The RFID reader
The RFID reader is the element responsible for reading radio frequency tags and transmitting the information they contain to the next level of the system (middleware).
This communication between the reader and the label is carried out in four stages:
- The reader transmits by radio the energy required to activate the tags.
- It then launches a query querying the nearby labels
- It listens to the answers and eliminates duplicates or collisions between answers.
- Finally, it transmits the results obtained to the applications concerned.
The communication between the reader and the "tag" is carried out via the antennas that equip both of them, these elements being responsible for the radio frequency radiation.
The RFID middleware
The middleware or RFID middleware is the brain of the system. It manages the different readers and determines the interaction they will have to have with the RFID tags. It is also the element which makes it possible to carry out a pre-processing of the captured information (filtering, routing, elimination of doubles, etc...) in order to facilitate their insertion in the data bases of the information system.
The advantages of RFID
RFID is a flexible, convenient, easy-to-use technology that is perfectly suited for automated operations. It combines advantages not found in other identification technologies.
RFID does not require any contact or direct visibility between the reader and the object to be identified.
It works in harsh environments, allows the simultaneous reading of several tags and provides a high level of data integrity.
RFID also offers increased security and product authentication thanks to the discreet placement of the tags and the extreme difficulty of counterfeiting them.
RFID technology :
- Allows the storage of considerably more data than barcode labels;
- Eliminates human error;
- Increases speed and efficiency;
- Increases the availability of information;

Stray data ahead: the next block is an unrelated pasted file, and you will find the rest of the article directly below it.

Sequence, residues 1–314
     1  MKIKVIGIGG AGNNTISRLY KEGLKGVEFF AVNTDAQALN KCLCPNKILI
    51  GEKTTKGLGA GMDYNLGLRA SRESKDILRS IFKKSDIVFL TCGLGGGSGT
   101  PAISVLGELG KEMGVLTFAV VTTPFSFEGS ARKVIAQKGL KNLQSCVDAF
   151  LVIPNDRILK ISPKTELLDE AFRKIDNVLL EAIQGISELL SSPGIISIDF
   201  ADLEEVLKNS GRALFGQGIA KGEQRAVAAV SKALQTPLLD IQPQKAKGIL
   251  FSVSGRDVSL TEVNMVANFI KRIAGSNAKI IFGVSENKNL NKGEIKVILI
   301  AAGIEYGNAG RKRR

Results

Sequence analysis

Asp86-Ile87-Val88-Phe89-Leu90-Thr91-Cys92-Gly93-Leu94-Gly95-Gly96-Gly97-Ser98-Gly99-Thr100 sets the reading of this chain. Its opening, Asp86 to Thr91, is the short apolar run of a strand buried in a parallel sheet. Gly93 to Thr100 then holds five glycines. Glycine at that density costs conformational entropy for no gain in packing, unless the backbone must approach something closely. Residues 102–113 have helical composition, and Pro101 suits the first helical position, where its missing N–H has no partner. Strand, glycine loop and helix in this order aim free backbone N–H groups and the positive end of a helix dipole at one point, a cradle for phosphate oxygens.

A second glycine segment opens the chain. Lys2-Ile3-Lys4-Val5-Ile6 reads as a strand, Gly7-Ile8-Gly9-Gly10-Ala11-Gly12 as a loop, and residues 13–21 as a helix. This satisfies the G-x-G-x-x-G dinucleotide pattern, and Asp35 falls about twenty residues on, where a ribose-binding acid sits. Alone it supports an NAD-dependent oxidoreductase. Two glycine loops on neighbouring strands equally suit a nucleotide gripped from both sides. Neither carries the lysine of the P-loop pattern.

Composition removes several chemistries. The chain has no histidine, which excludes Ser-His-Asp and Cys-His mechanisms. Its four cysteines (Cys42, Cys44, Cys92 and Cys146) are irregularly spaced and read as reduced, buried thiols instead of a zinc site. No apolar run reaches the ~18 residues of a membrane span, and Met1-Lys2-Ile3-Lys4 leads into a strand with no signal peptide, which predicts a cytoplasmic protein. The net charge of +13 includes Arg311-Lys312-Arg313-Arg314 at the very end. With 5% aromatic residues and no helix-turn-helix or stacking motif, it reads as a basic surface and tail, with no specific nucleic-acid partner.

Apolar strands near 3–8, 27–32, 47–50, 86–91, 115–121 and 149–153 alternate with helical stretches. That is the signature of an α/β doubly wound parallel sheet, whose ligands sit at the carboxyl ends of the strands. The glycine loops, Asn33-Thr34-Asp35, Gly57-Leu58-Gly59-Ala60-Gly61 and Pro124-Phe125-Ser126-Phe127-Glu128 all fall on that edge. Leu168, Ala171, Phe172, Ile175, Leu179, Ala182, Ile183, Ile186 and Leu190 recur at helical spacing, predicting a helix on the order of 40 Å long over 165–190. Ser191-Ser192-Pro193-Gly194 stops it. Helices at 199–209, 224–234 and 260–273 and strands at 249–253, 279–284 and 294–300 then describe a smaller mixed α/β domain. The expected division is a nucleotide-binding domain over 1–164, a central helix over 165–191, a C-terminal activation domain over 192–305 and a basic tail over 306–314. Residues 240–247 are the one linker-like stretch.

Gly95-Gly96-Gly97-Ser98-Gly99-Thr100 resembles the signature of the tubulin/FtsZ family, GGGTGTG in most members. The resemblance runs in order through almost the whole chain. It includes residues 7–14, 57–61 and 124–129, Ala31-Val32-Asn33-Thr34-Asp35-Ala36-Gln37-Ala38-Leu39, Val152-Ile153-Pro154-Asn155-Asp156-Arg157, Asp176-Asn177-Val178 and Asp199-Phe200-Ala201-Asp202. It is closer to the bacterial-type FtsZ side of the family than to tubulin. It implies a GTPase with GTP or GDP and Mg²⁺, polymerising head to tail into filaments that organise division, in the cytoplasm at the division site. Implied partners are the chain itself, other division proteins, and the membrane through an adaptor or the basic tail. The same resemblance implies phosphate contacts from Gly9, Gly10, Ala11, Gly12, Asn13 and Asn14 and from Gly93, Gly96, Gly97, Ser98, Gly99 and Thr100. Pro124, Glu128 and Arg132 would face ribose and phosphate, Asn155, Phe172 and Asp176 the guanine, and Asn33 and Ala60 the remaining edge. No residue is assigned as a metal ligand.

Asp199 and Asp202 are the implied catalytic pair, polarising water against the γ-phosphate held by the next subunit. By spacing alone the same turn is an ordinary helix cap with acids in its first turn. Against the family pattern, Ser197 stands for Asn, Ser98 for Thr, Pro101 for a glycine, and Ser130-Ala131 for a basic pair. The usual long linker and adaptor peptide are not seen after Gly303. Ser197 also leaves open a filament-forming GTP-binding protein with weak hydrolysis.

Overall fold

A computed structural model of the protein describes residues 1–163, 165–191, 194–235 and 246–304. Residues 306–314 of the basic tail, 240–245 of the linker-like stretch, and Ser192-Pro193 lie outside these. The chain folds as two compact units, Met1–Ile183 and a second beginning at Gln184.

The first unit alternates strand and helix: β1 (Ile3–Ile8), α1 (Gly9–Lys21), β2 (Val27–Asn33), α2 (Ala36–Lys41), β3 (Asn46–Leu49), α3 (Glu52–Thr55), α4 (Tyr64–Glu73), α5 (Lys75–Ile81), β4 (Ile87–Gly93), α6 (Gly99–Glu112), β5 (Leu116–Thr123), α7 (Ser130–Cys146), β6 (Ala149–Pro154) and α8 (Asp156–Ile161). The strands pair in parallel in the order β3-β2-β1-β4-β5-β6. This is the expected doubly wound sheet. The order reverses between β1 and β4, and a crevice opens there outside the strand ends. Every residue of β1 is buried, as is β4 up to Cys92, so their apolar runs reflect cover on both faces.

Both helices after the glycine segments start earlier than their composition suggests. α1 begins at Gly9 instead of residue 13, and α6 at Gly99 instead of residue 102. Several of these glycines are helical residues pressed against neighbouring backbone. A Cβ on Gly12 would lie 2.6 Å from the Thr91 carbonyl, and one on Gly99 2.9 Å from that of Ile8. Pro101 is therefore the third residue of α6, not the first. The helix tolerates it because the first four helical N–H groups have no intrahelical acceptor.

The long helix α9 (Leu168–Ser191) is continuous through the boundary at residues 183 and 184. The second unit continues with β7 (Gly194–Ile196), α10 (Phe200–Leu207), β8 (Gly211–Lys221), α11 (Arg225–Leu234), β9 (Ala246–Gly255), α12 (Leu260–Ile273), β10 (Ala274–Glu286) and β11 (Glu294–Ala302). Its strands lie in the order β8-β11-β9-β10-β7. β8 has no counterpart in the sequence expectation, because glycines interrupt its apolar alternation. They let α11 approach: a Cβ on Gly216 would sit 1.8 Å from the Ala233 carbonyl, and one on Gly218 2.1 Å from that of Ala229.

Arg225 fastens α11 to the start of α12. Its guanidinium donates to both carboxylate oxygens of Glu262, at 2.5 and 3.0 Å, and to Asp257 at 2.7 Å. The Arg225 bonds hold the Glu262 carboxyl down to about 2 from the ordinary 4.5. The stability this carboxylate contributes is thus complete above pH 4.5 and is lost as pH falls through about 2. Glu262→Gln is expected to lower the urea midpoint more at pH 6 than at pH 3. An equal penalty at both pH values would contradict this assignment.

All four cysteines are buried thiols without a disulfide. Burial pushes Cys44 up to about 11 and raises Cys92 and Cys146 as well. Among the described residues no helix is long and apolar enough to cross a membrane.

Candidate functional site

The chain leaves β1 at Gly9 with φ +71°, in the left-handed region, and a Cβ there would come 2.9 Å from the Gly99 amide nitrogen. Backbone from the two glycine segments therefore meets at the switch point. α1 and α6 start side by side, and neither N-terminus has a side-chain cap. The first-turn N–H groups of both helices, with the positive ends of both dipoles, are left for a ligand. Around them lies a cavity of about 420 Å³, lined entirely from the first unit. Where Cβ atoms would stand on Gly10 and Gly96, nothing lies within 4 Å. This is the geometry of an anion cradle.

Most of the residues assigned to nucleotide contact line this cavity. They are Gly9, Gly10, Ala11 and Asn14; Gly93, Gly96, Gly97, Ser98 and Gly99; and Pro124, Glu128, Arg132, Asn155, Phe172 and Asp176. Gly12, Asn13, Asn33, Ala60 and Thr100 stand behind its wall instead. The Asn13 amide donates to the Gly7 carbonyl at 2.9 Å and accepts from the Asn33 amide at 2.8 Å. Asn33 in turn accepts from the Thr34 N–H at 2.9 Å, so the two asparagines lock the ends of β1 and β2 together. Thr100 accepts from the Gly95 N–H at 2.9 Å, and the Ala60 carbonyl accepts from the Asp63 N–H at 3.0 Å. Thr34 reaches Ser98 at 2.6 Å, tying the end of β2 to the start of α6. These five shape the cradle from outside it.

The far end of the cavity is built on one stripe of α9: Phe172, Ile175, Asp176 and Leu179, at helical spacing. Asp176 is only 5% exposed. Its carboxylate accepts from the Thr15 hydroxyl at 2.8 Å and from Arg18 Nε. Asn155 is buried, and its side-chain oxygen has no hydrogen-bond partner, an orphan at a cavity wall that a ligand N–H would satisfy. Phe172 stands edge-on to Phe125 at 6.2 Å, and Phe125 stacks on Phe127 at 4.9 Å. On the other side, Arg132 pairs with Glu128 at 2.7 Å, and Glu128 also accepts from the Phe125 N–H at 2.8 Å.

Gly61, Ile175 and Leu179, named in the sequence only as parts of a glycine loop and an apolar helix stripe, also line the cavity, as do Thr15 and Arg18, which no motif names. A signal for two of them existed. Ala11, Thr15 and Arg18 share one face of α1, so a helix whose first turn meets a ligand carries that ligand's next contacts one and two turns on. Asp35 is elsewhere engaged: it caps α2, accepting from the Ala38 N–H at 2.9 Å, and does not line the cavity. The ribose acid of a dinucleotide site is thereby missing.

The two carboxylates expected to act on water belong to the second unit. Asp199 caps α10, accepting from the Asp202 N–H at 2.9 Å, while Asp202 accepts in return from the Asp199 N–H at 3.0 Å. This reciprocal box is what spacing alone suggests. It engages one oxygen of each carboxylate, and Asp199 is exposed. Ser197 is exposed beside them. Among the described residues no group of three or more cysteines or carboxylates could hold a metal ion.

- Provides increased security;
- Allows access to data with or without a network connection.
While many companies are faced with the need to improve their processes and efficiency, most of them are unaware of how the functionalities offered by RFID technology can help them do so. Rather, they see RFID as a unique technology that is expensive to implement and can cause significant downtime.
In reality, it is a relatively simple data collection technology to deploy, easily integrates with existing data collection systems, and offers benefits and returns on investment beyond all expectations.
If your company already has a data collection system integrated with a WMS or ERP system and wants to increase its efficiency, if barcodes don't contain enough information to its liking, or if it has new labeling requirements, then it is ready for RFID.
Requiring minimal process re-engineering, this technology can bring unparalleled benefits to your manufacturing and distribution environment.
Using RFIDRFID technology is used in many industries to perform tasks such as :
- Inventory management
- Asset Management
- Personnel tracking system
- Access control to restricted areas
- Identification badge
- Supply Chain Management
- Counterfeit prevention (e.g. in the pharmaceutical industry)